US, Greece banks to set cash limits; bank run imminent?

northern rock bank run 2007

northern rock bank run 2007

“Effective April 1, 2010, we reserve the right to require (7) days advance notice before permitting a withdrawal from all checking accounts.

Contrary to financial pundits’ constant chants and cheerleading with the false claim tha the “recession is over,” we see that the economic situation in the United States is getting so bad that financial institutions like Citi Group are planning on a potential withdrawal limit for account holders.

We see that the Obama administration insists it doesn’t plan to nationalize U.S. banks, but this is a “rose by any other name” situation, says the Stock Research Portal Blog: “The degree of U.S. government interference in the private sector banking industry is a recipe for disaster, and is completely contrary to the ‘capitalism concept’ that served America well for many decades.”

Indeed, Citi Bank is one of the most unethically financial institutions in the world. It has been investigated for interest rate gouging and has unscupulous business practices such as not billing customers then asking for years of interest in backpayment.

The situation in Greece is not much better than the United States with its talk in the past year that default on its sovereign debt is imminent. The situation is so dire that the Greek government has imposed new legislation mandating maximum cash transactions to 1500 euros under the veil of curbing tax evasion. Greek Finance Minister unveils tax reform, wage policy:

“From 1. Jan. 2011, every transaction above 1,500 euros between natural persons and businesses, or between businesses, will not be considered legal if it is done in cash. Transactions will have to be done through debit or credit cards.” “There’s tax relief for incomes up to 40,000 (euros).” “Taxable income based on the new scales will include capital gains from the short-term trading of stocks.” “Deposits in banks outside Greece are exempted from audits of their origin if they are repatriated within six months of the passing of the tax bill and are taxed with a 5 percent rate.” “Wages of board members in unlisted state companies will fall by 50 percent.” “The budget bill for allowances and compensations will be cut by 10 percent.” Source: Reuters.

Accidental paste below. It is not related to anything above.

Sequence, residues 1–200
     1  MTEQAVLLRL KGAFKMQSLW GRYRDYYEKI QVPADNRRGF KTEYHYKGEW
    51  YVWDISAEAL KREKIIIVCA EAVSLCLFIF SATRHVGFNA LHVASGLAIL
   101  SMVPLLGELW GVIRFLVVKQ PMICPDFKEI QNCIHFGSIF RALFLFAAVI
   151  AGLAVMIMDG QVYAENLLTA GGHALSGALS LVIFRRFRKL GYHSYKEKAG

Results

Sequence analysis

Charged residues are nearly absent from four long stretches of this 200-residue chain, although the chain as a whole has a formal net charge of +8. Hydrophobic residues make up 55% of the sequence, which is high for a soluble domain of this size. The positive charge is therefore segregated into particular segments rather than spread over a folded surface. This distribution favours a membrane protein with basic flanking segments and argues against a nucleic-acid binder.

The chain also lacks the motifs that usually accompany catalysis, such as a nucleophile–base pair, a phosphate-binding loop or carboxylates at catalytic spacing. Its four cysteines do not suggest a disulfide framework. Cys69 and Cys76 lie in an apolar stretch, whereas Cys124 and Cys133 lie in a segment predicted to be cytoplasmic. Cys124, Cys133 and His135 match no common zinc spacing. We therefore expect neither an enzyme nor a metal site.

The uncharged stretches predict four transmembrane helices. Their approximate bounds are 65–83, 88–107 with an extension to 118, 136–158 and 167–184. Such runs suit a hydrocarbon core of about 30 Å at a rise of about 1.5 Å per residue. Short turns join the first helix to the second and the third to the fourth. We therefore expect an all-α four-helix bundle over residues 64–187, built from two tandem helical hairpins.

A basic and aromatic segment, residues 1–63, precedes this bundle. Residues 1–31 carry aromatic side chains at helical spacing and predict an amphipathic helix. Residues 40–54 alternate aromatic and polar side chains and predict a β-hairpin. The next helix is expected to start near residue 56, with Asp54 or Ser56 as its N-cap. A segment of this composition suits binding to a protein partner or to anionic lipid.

Citigroup Warns Customers It May Refuse To Allow Withdrawals
John Carney Business Insider Febraury 21, 2010

The image of banks locking their doors to keep customers from making withdrawals during a bank run is what immediately came to mind when we heard that Citigroup was telling customers it has the right to prevent any withdrawals from checking accounts for seven days.

“Effective April 1, 2010, we reserve the right to require (7) days advance notice before permitting a withdrawal from all checking accounts. While we do not currently exercise this right and have not exercised it in the past, we are required by law to notify you of this change,” Citigroup said on statements received by customers all over the country.

What’s going on? It seems that this is something of an error. The seven day notice policy only applies to customers in Texas, Ira Stoll reports at The Future of Capitalism. It was accidentally included on customer statements nationwide.

“Whatever the explanation, it doesn’t exactly inspire confidence in Citi,” Stoll writes. “But it’s hard to believe a bank would be sending out a notice like that on its statements.” You can read the rest of this article from Business Insider.

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